Hotondo Homes Franchise on Verge of Collapse


The Tasmanian franchise of home builder Hotondo Homes has been placed in liquidation with 40 unfinished homes on its books.

Tasmanian Constructions, a franchisee of Hotondo Homes in Hobart, has entered liquidation with as many as 80 contractors and 40 customers left out of pocket, some to the tune of $200,000.

Hotondo Homes has been operating for more than four decades with 70 independently owned and operated builders across Australia, including Tasmanian Constructions, which was based in New Town, a suburb of Hobart.

The group has completed more than 28,000 homes since its inception, partnering with local home builders to deliver house and land packages.

Jarvis Archer, liquidator with Revive Financial, told The Urban Developer that Tasmanian Constructions director Craig Ellis had been referred to the receiver during the Christmas period.

The builder subsequently decided to close its offices in New Town at the end of December and wind up its operations in early January.

“The difficulties in obtaining building materials and the increased costs of these materials are nationwide for the construction industry,” Archer said.

“As a result, construction programs have been widely disrupted, impacting cashflow, and profitability, particularly for fixed-price contracts, has been decimated.

“Consequently, [Tasmanian Constructions] was slower to reach progress milestones and issue invoices, severely impacting cashflow and its ability to continue operating.”

Revive Financial has since made contact with all of the company’s customers to assess the status of each project that was under way when the company ceased construction.

Administrators said the amount of any return to creditors would only be known once these aspects of the liquidation have been completed in early April.

“If legal recovery claims are identified, which may be commercially worthwhile pursuing, steps may be taken to seek to recover funds to provide a return to creditors,” Archer said.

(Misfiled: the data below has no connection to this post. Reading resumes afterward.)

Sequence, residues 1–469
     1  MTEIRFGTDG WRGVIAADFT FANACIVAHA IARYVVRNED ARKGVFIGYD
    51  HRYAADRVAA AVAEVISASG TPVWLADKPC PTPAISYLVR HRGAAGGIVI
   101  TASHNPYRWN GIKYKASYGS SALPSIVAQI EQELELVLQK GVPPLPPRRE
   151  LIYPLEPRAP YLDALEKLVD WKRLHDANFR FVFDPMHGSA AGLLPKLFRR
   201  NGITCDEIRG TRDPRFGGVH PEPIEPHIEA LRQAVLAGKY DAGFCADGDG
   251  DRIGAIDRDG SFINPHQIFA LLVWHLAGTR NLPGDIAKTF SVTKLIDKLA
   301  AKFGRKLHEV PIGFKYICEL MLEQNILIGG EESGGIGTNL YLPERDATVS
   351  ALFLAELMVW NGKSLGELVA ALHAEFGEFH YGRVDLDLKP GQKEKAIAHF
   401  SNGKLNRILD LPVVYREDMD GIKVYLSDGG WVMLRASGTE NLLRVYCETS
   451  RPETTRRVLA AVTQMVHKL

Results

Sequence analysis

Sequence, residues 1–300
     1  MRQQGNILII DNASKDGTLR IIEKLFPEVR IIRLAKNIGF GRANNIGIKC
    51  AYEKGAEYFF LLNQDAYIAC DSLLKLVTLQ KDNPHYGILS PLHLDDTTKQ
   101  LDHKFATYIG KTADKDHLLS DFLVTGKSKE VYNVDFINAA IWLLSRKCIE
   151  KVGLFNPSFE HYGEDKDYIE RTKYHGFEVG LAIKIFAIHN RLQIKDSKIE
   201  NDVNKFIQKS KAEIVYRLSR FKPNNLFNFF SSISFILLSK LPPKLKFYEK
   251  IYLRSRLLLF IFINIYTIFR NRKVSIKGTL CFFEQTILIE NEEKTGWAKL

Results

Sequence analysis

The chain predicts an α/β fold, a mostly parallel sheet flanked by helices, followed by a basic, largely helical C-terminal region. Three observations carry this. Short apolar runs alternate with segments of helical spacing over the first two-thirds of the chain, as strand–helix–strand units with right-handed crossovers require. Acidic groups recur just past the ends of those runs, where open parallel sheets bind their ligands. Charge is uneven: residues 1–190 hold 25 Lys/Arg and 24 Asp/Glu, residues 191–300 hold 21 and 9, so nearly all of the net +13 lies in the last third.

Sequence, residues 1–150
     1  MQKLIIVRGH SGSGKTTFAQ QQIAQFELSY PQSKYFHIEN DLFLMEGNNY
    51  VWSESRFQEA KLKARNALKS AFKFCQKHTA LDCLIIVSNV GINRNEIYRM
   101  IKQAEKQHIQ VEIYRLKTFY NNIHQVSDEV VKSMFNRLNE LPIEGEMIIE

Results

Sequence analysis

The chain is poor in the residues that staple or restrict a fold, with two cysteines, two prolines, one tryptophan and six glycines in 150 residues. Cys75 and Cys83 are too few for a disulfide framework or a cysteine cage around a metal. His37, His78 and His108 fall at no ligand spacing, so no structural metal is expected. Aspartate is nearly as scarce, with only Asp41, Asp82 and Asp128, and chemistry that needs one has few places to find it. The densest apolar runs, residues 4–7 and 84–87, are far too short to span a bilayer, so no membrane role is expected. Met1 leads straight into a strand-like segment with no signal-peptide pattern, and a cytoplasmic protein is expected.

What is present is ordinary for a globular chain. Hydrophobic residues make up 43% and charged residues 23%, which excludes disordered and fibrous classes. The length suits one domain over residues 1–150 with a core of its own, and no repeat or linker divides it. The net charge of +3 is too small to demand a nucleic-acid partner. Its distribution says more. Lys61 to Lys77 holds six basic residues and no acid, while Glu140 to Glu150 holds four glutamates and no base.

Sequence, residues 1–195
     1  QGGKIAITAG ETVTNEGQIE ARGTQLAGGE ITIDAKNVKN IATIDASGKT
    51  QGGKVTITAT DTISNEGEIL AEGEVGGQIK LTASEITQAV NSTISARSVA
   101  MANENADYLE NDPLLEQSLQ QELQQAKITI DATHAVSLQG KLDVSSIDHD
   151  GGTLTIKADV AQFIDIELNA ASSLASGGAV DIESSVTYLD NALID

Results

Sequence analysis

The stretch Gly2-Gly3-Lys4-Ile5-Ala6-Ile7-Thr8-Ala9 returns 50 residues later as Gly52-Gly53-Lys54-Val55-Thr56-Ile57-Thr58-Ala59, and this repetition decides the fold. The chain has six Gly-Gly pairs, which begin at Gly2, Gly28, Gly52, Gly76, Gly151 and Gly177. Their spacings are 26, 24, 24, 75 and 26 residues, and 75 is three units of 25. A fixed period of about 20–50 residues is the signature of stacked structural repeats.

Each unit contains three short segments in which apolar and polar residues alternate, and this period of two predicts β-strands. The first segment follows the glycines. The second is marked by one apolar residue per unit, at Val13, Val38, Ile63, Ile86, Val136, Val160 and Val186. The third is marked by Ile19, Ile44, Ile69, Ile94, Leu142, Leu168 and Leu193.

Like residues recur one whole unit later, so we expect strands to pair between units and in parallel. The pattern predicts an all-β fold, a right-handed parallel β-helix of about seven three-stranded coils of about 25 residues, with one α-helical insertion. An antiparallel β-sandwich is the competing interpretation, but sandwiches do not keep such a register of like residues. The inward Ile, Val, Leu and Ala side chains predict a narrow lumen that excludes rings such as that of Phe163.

Soaring demand—boosted by the federal government’s HomeBuilder scheme that ended last year—along with fractured global supply chains and labour shortages have left many volume builders struggling.

Supply chain hold-ups caused by the pandemic have caused inflationary pressure and slowed the pace of home building by up to 30 per cent.

In May, Western Australian construction company Pindan Group collapsed, owing subcontractors and creditors $80 million.

Privium Group, one of Queensland’s busiest residential builders, was placed into voluntary administration in November with debts of more than $28 million.

BA Murphy Constructions, also based in Queensland, called in liquidators with 240 residential contracts outstanding and another 50 projects under way.

Shortly after, Melbourne-based high-rise builder ABD Group went under with outstanding debts of more than $50 million.

Hobart-based Inside Out Construction also folded in November. Master Builders Association Tasmania is currently assisting 23 of the stricken builder’s customers in order to find alternative construction options.

“We're hearing from long-term operators that they're experiencing difficulties themselves for the first time in 20 to 30 years,” Archer said.

“This surge in construction work is being called a profitless boom.

“It appears that the builders that have retained steady workflows, similar to their historical levels, are less financially exposed than those that have sought to take advantage of the rapid increase in work.

“The Christmas shut-down period can often cause cashflow difficulties for the building industry and those challenges are exacerbated by the current situation.

“As a result we expect to see more collapses in the coming months and unfortunately Tasmanian consumers are at a disadvantage compared to other states.”

Late last year, the Tasmanian government voted down a bid for a parliamentary inquiry into the state’s construction industry.

Minister for consumer affairs Elise Archer said the state government would continue to undertake a process of continual reform.

In a bid to further support home buyers, the Tasmanian government announced it would reintroduce home warranty insurance, which covers customers in the event of insolvency.

In 2008, Tasmania became an outlier in the country by removing the mandatory insurance, making it the only state without home builder warranty insurance.


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